However, previous research into the ergogenic potential of pre-exercise alkalosis has resulted in mixed findings (1, 6, 15, and 17). Differences between ingestion protocols and study design (for example: endurance vs. short-term, high-intensity training, sport specific training, number of repetitions, intensity, volume, etc.) have not provided a definite answer as to whether the supplementation of sodium bicarbonate (SB) enhances performance. Most studies have used intensities high enough to exert the glycolytic systems (minimum of 2-3 minutes) (1, 8, and 9). Other studies have also used large rest intervals in between training sessions which limit the researcher’s ability to test the rate of recovery due to supplementation (12).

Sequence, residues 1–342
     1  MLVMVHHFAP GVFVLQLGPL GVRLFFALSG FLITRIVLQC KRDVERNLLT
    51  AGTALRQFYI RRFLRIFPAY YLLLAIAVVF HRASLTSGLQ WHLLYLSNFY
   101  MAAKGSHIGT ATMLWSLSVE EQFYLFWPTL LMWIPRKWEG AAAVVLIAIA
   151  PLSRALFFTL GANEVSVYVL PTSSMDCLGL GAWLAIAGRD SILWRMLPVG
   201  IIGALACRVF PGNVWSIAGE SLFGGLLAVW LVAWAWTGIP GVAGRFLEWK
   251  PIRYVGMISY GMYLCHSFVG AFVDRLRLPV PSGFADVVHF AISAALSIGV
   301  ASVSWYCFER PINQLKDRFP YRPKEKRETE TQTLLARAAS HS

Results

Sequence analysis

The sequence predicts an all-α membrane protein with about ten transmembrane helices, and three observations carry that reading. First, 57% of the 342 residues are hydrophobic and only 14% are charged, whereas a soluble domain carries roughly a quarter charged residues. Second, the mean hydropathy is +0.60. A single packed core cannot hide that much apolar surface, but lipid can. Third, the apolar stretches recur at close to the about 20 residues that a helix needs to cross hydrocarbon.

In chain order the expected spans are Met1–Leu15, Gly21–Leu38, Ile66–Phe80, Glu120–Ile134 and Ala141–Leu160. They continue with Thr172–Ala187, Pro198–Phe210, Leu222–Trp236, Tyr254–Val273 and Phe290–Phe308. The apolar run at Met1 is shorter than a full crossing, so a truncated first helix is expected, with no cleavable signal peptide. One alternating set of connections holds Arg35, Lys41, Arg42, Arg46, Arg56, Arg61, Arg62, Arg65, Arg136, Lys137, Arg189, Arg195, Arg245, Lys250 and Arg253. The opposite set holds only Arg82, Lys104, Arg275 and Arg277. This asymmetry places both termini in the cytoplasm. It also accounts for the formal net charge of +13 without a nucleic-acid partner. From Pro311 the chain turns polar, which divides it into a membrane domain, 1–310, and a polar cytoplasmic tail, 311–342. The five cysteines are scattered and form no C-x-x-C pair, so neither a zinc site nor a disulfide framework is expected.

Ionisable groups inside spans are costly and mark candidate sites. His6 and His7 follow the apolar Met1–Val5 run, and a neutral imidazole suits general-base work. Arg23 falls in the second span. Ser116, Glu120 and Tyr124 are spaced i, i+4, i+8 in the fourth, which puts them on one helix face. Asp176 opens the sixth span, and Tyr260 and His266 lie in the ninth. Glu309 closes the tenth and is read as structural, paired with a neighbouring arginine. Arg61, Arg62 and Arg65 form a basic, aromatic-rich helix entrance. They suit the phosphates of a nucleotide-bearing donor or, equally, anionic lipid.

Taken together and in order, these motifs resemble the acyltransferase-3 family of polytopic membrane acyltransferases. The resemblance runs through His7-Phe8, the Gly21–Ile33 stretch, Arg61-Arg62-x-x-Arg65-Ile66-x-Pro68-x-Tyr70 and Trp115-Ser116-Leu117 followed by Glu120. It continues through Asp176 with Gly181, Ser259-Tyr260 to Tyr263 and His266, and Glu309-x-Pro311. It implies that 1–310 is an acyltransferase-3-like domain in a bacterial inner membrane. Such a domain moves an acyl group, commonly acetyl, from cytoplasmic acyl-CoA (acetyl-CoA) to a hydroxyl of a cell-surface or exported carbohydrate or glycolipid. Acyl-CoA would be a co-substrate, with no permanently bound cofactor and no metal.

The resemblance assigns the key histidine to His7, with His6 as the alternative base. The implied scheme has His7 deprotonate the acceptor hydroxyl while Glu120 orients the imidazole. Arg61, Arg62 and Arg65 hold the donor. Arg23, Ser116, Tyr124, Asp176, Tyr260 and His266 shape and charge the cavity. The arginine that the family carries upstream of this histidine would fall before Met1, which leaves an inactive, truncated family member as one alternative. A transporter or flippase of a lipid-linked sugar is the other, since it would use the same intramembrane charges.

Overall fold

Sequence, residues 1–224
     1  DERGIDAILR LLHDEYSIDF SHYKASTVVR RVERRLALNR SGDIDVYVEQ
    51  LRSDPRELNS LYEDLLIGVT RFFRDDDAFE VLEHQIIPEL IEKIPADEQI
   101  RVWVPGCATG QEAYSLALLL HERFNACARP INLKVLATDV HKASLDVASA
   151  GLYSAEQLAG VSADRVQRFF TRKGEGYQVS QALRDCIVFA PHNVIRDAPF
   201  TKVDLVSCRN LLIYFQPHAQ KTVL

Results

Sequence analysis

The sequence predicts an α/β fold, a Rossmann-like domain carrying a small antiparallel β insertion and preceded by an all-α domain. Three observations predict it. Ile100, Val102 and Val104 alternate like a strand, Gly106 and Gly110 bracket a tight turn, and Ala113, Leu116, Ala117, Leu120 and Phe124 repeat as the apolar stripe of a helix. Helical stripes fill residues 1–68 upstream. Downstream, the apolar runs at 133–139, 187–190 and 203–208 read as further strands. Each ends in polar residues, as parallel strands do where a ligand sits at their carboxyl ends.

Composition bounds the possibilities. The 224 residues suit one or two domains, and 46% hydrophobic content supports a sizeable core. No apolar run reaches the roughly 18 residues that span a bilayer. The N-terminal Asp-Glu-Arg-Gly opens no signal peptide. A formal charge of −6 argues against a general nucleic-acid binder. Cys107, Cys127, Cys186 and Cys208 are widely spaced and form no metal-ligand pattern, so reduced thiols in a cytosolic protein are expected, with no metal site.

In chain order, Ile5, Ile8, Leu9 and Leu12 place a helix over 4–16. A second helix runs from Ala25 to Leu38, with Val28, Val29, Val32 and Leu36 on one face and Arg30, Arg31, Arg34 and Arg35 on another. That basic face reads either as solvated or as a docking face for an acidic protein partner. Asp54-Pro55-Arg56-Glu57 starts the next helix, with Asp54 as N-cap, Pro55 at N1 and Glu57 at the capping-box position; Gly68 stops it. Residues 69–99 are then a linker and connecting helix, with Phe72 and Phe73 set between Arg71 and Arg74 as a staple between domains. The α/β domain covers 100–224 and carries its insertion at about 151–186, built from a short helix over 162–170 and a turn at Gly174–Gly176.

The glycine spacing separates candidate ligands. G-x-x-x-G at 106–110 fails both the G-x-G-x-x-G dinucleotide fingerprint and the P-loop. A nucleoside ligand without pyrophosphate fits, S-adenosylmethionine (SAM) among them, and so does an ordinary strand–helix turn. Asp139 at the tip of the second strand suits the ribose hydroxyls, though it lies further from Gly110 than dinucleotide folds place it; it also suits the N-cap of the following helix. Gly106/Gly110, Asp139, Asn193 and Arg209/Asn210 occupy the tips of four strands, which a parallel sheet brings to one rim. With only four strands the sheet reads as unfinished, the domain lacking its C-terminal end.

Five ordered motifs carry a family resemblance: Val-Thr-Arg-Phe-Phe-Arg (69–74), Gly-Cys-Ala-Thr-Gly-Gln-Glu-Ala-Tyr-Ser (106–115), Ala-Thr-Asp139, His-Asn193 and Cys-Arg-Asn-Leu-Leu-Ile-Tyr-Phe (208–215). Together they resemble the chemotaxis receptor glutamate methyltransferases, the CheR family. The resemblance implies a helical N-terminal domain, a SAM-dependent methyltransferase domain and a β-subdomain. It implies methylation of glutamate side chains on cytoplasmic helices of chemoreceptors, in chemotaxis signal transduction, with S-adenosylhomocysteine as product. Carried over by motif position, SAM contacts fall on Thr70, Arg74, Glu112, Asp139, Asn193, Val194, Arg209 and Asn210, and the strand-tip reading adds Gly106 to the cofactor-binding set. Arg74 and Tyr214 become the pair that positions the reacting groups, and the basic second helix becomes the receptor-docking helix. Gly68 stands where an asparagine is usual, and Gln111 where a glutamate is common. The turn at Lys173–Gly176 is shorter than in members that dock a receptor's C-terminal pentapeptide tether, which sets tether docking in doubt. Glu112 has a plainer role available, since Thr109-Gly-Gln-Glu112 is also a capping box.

From a resistance training (RT) perspective, a more important aspect of pre-exercise alkalosis may be its influence on the athlete’s ability to overload their usual RT program with minimal recovery periods. To the researcher’s knowledge, no study has documented the subject’s RT performance and rate of recovery after testing the 1-repetition maximum (1RM) and endurance of four different muscle groups (8 exercises total) or used self-report measurements to examine the perceived effects of SB. 1RM tests and muscular endurance test administered according to the testing protocols stated by (2) are considered highly reliable (4, 11). Therefore, the purpose of this study was to compare the performance and rate of recovery of subjects induced of pre-exercise alkalosis with the supplementation of SB, to subjects who performed the same RT program and consumed a placebo supplement.